Estonian dolls made at German refugee camp on display at Tallinn museum

Hella Ükki and Helene Sepman's restored dolls.
Hella Ükki and Helene Sepman's restored dolls. Source: ERR

Nine dolls made from flour sacks at a German displaced person camp by Estonians in 1945 are currently on display at Tallinn City Museum. The toys were made to preserve and promote Estonia's culture.

Hella Üksi and Helju Helene Sepman made the cloth dolls, which are wearing traditional clothes from parishes around Estonia, from whatever materials could be sourced at the camp in Nuremberg.

"About 30,000 Estonians stayed in these (camps) over time. And then, as they did a lot of handicrafts, they tried to keep their national culture alive. The dolls' traditional clothes are a good example of this," said Toomas Mäelt, the museum's director.

Karoli Loo, the exhibition's visitor manager, called them an "interesting piece of history" and said it was good they have survived until the present day.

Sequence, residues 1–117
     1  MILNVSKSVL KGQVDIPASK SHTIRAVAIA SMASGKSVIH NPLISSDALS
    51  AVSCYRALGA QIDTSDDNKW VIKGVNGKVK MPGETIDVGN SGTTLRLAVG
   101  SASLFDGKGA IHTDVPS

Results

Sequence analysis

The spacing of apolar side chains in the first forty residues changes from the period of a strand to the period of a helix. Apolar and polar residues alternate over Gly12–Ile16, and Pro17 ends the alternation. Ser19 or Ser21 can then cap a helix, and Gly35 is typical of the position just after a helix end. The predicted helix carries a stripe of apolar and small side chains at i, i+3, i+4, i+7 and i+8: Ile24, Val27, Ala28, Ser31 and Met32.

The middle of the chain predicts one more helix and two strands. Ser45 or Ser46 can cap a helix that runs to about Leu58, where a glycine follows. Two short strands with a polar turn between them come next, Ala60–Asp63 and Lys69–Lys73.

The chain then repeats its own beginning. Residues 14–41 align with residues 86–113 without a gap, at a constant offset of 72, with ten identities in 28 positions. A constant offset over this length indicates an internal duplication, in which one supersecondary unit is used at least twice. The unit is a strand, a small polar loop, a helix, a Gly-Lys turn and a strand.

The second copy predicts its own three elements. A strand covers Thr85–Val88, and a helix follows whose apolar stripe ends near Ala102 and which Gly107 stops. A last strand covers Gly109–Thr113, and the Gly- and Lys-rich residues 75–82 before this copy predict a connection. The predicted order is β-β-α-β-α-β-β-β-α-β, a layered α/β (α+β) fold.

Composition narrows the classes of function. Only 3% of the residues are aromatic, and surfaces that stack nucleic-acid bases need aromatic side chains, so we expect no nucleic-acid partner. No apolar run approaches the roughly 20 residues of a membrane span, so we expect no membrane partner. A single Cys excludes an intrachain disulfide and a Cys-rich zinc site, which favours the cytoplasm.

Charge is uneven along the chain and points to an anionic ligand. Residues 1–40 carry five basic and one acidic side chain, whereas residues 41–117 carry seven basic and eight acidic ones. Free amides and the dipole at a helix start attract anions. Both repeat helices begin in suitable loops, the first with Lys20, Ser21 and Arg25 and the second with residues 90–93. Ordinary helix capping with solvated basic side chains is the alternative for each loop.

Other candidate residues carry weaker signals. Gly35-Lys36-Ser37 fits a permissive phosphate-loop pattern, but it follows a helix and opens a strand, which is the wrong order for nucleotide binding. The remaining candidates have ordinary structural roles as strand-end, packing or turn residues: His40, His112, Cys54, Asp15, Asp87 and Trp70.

"These are for an exhibition that was organized in these camps, where the different cultures that came together were able to present their cultural heritage to everyone," she explained.

The face of a doll made by Hella Üksi and Helju Helene Sepman. Source: ERR

Over the last three years, conservators at the museum have been restoring the objects which arrived in poor condition.

Each doll had to be completely disassembled and every piece cleaned. They are made out of materials such as flour sacks, wire, and foil, which all had specific cleaning requirements.

"We have to take into account that it was wartime. There wasn't much of anything," said Loo, explaining why they were made this way.

The authors' original goal - to introduce Estonia's cultural heritage - lives on and the dolls can be viewed at the museum until October.

After the end of World War Two thousands of Estonians fled the second Soviet occupation of Estonia. Many ended up in displaced persons camps in Germany before traveling onward to the U.S., Canada, or Australia.


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Editor: Merili Nael, Helen Wright

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